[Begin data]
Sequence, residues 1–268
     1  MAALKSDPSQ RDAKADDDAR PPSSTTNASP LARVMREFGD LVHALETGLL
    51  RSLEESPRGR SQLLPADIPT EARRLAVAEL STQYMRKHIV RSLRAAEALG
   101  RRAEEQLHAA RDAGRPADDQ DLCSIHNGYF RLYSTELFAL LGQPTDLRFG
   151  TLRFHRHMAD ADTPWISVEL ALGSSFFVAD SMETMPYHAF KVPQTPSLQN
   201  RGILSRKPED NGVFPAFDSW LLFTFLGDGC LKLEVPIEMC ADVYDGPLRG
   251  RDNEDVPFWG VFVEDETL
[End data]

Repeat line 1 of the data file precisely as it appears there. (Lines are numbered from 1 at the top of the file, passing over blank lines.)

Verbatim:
Sequence, residues 1–268